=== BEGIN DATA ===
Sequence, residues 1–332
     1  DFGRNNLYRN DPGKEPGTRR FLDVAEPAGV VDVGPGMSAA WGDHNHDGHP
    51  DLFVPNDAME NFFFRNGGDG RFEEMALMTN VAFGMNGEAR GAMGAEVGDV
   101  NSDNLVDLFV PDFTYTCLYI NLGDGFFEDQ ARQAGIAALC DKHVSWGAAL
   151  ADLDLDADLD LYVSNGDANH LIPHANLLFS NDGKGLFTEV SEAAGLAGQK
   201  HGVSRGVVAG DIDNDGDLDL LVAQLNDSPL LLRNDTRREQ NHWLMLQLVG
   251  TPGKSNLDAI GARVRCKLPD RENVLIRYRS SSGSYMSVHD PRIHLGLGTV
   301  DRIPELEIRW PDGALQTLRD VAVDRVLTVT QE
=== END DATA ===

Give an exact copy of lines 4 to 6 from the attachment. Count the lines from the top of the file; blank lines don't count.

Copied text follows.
   101  NSDNLVDLFV PDFTYTCLYI NLGDGFFEDQ ARQAGIAALC DKHVSWGAAL
   151  ADLDLDADLD LYVSNGDANH LIPHANLLFS NDGKGLFTEV SEAAGLAGQK
   201  HGVSRGVVAG DIDNDGDLDL LVAQLNDSPL LLRNDTRREQ NHWLMLQLVG